Caterina Ducati is a Reader in Nanomaterials at the Department of Materials Science and Metallurgy, and a fellow of Churchill College, Cambridge. In 2010 she was awarded a European Research Council (ERC) Starting Grant to study third generation solar cells at the nanoscale. In 2014, she was awared an ERC Proof of Concept grant to study air purification through novel metal-metal oxide nanocomposites.
She is involved in the European Network Enabling Science and Technology Through European Electron Microscopy 2 (ESTEEM2).
Cate is a Co-Director of the MPhil in Micro- and Nanotechnology Enterprise, and Teaching Director of the NanoDTC in Cambridge.
Cate is Chair of the Electron Microscopy and Analysis Group, and a Committee Member of the Nanoscale Physics and Technology Group of the Institute of Physics.
Her PhD (1999-2002) was entitled "Nanostructured Carbon for Field Emission and Electrochemisty Applications", and was carried out at the Electronic Devices and Materials Group, Department of Engineering, Cambridge.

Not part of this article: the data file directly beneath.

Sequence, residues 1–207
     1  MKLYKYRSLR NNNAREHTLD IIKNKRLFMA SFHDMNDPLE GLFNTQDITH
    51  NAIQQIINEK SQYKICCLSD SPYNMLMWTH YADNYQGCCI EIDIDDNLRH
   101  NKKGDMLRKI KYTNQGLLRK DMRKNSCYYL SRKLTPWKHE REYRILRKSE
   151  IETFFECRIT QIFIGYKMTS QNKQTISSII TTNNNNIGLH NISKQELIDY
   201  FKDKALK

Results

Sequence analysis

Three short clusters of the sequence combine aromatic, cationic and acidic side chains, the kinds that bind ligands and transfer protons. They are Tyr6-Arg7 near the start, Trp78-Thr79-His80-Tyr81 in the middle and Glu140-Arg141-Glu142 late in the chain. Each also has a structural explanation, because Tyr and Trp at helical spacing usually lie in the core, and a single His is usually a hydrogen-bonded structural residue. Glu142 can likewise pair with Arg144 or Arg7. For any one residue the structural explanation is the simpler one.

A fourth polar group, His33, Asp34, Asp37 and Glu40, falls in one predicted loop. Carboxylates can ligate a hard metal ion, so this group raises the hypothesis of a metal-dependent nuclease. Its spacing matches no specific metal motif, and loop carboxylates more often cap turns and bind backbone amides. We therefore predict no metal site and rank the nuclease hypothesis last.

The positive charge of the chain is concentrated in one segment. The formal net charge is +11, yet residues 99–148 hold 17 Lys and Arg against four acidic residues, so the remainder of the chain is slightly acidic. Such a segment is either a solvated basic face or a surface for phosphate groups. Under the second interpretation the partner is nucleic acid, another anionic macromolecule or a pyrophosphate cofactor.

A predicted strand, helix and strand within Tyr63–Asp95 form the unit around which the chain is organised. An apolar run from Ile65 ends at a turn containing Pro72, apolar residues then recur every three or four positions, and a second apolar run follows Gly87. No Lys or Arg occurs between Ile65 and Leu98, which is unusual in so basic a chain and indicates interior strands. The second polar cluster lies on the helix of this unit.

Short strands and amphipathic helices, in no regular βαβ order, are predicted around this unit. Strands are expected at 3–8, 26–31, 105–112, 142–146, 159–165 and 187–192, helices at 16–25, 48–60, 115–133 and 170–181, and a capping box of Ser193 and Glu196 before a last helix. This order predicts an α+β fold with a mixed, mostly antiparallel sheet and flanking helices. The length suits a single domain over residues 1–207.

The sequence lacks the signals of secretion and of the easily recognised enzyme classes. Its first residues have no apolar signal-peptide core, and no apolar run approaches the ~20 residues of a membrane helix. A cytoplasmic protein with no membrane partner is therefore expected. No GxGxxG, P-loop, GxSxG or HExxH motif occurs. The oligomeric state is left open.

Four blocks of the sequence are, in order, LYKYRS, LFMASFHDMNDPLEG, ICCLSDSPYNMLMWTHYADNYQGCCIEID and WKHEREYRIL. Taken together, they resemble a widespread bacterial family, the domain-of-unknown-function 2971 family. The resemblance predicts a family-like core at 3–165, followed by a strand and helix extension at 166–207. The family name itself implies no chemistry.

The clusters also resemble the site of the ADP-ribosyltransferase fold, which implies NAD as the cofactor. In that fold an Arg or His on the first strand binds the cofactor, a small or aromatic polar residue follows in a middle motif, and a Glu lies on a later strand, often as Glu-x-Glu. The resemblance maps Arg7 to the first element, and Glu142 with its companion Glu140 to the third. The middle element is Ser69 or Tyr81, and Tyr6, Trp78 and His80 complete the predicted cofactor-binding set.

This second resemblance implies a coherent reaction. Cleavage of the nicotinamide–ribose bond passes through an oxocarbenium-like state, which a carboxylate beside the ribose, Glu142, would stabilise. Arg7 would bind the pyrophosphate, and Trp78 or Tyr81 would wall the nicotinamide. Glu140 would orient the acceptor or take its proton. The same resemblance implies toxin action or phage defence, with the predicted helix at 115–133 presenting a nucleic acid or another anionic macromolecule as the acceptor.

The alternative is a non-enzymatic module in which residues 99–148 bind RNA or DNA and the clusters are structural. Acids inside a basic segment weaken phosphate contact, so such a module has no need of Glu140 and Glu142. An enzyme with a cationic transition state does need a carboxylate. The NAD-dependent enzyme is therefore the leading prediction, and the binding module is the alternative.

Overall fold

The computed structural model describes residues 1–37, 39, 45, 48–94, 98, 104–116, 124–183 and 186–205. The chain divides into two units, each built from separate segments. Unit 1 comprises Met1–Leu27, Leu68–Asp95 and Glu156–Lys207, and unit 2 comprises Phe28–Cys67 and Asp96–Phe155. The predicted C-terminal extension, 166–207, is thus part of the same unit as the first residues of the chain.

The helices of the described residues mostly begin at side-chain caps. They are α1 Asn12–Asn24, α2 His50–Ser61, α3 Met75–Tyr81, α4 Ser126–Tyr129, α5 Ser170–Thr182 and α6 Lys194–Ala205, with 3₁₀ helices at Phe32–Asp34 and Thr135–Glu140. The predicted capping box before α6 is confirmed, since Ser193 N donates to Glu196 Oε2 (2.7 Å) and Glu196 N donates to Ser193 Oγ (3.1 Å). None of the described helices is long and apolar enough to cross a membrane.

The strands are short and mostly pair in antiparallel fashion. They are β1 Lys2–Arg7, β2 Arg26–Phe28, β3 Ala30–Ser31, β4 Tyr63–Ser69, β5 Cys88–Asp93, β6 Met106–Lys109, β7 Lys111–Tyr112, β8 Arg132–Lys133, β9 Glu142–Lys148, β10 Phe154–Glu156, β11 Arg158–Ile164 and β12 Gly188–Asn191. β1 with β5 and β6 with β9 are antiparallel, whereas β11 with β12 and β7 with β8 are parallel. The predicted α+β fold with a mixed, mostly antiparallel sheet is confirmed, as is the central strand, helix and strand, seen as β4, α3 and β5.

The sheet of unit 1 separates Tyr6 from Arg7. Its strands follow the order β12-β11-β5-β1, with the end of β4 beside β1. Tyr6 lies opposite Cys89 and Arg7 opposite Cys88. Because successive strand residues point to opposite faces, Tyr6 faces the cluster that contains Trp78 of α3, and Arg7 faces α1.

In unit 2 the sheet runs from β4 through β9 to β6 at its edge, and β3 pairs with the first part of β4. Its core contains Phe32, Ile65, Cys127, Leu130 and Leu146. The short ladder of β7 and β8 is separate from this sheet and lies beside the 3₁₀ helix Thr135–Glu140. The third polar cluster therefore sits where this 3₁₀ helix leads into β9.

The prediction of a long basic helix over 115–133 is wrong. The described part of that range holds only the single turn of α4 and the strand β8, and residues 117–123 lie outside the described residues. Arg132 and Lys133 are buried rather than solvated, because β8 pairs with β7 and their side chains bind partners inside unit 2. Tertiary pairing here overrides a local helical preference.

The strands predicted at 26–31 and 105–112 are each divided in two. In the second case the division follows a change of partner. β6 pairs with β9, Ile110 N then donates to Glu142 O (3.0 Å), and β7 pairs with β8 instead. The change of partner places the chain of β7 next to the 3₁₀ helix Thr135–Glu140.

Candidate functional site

Her interest has focused on the synthesis of carbon nanotubes, and the study of
their growth model derived from transmission electron microscopy analysis. She has also been involved in various
experiments concerning the growth of metal-seeded nanostructured carbon films, silicon and silicon carbide nanowires,
nickel and cobalt sulphide nanowires, titanium dioxide nanocrystals. From April 2003 she was a KTP Associate working on Programme 4151 between the University of Cambridge and Alphasense Limited.
Then, between 2004 and 2007, as a Royal Society Dorothy Hodgkin Fellow, she worked on new properties of metal oxide nanostructures for electronics and catalysis. She held a Royal Society University Research Fellowship to study
photon-stimulated spectroscopy and electron microscopy of nanostructures (2007-2012). From 2009 to 2013 she was a Lecturer in the Department. Between 2005 and 2008 she was a Sackler Junior Fellow at Churchill.